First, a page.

People v. Cogswell (C.A. 4th, 10/31/07, D049038) 07 C.D.O.S. 12668

October 30, 2007

DEFENDANT CAN PROVIDE EVIDENCE OF STANDING TO CHALLENGE A SEARCH WITH HIS OWN TESTIMONY

In this federal case, the Court reminds the Government of Simmons, that the defendant's own testimony established his standing to challenge the search, contrary to the government's assertions. United States v. Gomez-Vega, 2007 U.S. Dist. LEXIS 79694 (D. P.R. September 20, 2007):

Gomez-Vega testified at the suppression hearing only as to the standing issue. Based on Gomez-Vega's testimony, the Court concluded at the hearing that he had standing to challenge the seized items under the totality of the circumstances and the evidence before the Court. Accordingly, Gomez-Vega met the threshold established in Aguirre and Lochan.

The Court stated "it has been well settled for over twenty years that testimony given to meet standing requirements cannot be used as direct evidence against the defendant at trial on the question of guilt or innocence." United States v. Garcia-Rosa, 876 F.2d 209, 219 (1st Cir. 1989) (citing Simmons v. United States, 390 U.S. 377, 390, 88 S.Ct. 967, 974, 19 L. Ed. 2d 1247 (1968)). Thus, a defendant should have no prejudicial consequence in admitting ownership of the drug or portions thereof to sustain standing to contest its seizure under Fourth Amendment grounds.

Comment: Under Simmons, the defendant has the ability to testify in his own behalf to establish standing, and the testimony cannot be used against him at trial, unless, of course, he testifies at trial and contridicts that standing testimony.

October 29, 2007

MARINE ARRESTED AFTER SUSPECTED CARLSBAD DUI ACCIDENT

CARLSBAD ---- A Camp Pendleton-based Marine was arrested Thursday after allegedly crashing into another Marine, leaving the second man injured, Carlsbad police said.

The crash was reported at 10:42 p.m. at the intersection of Carlsbad Boulevard and State Street after suspect Kevin Sullivan, 21, reportedly struck a motorcycle driven by Shawn Redfield, 24, Sgt. Keith Blackburn said.

Redfield suffered injuries including a broken hand, facial injuries and road rash, and was taken by Mercy Air helicopter to Scripps Hospital for treatment, Blackburn said.

Sullivan, who was not hurt, was booked into the Vista jail on suspicion of felony driving under the influence, the sergeant said.

October 24, 2007

EXPERT TESTIMONY NOT REQUIRED TO PROVE CHILD PORNOGRAPHY

United States v. Salcido (9th Cir. 10/19/07, 06-10546) 07 C.D.O.S. 12375

In this case, the Ninth Circuit holds that the Government is not required to prove that pictures introduced into eviidence in a child porn case actually depicted minors. The jury must find that the images are of actual children, not computer-generated ones.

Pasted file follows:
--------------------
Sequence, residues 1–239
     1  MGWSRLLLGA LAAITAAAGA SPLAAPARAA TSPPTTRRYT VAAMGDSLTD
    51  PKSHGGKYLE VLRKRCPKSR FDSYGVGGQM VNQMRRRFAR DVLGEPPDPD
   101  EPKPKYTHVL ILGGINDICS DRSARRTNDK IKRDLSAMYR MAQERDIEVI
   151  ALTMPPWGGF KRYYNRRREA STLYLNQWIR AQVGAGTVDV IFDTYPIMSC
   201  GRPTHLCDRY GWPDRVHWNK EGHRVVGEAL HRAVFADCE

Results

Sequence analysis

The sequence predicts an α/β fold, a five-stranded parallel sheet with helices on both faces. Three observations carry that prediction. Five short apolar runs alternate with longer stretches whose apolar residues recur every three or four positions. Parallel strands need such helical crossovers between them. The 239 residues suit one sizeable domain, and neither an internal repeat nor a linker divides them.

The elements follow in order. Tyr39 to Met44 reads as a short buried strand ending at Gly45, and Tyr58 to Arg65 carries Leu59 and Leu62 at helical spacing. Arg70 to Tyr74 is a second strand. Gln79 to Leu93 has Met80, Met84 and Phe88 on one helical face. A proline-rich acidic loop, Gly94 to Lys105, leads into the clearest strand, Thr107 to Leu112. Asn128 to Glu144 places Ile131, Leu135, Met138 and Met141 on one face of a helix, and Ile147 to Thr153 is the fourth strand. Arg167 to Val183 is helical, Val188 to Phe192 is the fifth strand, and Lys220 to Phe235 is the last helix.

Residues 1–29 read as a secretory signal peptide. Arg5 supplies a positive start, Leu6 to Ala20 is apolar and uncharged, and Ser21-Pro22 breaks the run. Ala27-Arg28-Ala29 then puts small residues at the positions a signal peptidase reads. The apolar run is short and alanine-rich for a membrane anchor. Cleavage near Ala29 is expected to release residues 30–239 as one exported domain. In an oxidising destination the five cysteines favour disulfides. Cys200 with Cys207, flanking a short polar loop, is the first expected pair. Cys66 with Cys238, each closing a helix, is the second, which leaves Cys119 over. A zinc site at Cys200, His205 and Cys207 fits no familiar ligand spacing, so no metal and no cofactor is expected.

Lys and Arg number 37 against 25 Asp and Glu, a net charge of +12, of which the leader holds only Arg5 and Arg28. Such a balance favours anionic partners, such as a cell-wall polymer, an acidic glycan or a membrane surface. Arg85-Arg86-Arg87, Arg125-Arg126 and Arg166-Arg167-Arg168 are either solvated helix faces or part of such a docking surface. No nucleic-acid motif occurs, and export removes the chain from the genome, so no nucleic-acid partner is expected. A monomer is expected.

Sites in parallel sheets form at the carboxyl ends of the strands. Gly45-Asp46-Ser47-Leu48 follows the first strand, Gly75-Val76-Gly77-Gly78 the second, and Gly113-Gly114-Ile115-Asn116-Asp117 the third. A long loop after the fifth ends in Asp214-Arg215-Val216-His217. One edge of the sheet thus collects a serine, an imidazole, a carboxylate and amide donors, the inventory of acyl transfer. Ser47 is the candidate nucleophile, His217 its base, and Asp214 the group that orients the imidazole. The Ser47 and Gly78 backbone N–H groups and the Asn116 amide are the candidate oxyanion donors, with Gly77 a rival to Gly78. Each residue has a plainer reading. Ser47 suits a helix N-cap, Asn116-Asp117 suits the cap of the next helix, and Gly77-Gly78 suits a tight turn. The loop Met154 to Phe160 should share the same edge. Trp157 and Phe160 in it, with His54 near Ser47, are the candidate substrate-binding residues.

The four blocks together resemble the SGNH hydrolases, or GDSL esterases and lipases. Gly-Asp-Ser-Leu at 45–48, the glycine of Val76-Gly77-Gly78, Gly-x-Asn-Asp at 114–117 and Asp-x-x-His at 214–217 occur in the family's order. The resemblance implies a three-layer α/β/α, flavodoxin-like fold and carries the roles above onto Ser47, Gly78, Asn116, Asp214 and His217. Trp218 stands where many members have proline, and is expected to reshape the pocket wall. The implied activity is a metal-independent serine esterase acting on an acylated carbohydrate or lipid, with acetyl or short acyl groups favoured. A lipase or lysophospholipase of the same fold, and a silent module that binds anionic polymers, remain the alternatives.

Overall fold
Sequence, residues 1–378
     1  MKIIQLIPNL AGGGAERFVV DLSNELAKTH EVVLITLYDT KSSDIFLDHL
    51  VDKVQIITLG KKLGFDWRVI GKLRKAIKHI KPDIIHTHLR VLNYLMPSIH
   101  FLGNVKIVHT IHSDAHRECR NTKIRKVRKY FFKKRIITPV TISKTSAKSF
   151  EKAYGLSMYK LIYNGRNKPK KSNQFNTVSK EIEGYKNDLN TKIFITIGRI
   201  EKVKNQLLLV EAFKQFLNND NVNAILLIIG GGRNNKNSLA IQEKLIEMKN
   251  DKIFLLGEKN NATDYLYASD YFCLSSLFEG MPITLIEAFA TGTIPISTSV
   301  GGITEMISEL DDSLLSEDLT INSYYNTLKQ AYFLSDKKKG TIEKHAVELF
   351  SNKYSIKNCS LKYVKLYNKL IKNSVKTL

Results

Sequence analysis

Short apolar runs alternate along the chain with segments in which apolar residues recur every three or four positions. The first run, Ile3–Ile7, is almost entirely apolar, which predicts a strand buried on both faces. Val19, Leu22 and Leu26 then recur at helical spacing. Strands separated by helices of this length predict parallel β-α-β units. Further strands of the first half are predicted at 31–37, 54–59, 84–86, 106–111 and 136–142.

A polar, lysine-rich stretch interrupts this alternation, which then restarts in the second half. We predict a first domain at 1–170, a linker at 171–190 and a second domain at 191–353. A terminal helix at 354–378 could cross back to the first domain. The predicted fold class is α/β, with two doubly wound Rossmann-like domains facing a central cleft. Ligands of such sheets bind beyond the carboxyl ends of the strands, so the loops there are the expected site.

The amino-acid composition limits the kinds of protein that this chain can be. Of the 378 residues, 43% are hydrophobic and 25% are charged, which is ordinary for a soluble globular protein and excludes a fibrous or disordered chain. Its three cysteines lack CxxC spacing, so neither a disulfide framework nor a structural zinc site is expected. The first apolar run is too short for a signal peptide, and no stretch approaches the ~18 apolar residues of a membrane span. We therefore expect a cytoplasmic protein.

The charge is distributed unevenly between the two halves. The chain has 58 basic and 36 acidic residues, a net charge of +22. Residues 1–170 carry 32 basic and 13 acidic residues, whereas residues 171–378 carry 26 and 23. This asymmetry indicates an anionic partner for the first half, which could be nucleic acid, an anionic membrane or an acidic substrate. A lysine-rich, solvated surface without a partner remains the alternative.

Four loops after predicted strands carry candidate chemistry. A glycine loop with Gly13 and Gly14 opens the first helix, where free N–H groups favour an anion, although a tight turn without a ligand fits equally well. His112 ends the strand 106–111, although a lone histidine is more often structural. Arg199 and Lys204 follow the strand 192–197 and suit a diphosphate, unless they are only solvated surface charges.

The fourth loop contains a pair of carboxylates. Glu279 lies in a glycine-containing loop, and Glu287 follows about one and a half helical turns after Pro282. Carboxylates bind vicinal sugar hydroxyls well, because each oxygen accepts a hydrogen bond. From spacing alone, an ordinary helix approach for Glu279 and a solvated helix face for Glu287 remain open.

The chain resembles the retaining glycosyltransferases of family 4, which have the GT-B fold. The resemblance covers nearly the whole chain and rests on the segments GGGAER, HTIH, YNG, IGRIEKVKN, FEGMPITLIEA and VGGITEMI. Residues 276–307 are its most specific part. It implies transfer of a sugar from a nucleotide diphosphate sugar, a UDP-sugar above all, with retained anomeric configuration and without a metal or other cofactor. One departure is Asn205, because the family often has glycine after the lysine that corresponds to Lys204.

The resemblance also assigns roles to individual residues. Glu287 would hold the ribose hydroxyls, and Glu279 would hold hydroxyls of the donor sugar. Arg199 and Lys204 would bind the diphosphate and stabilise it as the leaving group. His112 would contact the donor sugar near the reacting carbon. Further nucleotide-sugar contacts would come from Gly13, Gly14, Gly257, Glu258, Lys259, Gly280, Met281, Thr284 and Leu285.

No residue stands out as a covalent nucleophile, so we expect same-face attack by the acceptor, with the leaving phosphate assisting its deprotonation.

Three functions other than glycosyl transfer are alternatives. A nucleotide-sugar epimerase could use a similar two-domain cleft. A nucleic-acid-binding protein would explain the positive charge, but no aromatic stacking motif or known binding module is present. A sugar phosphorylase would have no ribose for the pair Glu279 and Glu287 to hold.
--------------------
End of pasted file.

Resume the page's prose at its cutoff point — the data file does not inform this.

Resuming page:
In addition to the presenting images themselves to the jury, the police had interviewed the actual child depicted.

October 24, 2007

October 23, 2007

SAN DIEGO COUNTY CIVIL LIABILITY REVERSED FOR "AMERICAN BEAUTY" CONVICTED OF MURDERING HUSBAND

In case where employee took toxic materials from her employer and used them to murder her husband, trial court ruling that defendant-county could be liable in wrongful death damages, and jury award of damages for plaintiffs, are reversed where:

1) the county coworkers of the perpetrator did not owe a duty to the victim and, therefore, county cannot be held vicariously liable for the coworkers' failure to prevent the murder as the coworkers would not be personally liable;

2) a direct claim against a governmental entity asserting negligent hiring and supervision, when not grounded in the breach of a statutorily imposed duty owed by the entity to the injured party, may not be maintained;

3) federal regulations did not impose a mandatory duty actionable within the meaning of Government Code section 815.6 as they do not command specific acts designed to prevent an employee from using embezzled drugs to commit premeditated first degree murder;

4) the particular kind of injury the plaintiff suffered was not the type of injury that the mandatory duty of section 815.6 was designed to protect against.

de Villers v. Co. of San Diego, No. D048974

October 23, 2007

WELFARE FRAUD CANNOT RAISE A PETTY THEFT TO A FELONY IN CALIFORNIA

In case where trial court held petitioner to answer a charge of petty theft with a prior, charge is dismissed as welfare fraud conviction under Welfare and Institutions Code section 11483 cannot be used as the prior (theft-related) conviction for a Penal Code section 666 criminal charge of petty theft with a prior

Bradwell v. Superior Ct. (People), No. C054546

October 23, 2007

CALIFORNIA COMMISSION ON THE FAIR ADMINISTRATION OF JUSTICE RECOMMENDS ACCOUNTABILITY OF PROSECUTORS AND CRIMINAL DEFENSE LAWYERS

The following synopsis from the California Commission on the Fair Administration of Justice on making prosecutors responsible for misconduct (because they never are) is great in theory, but will judges really ever follow it? I don't think so. But we can always hope. Read on...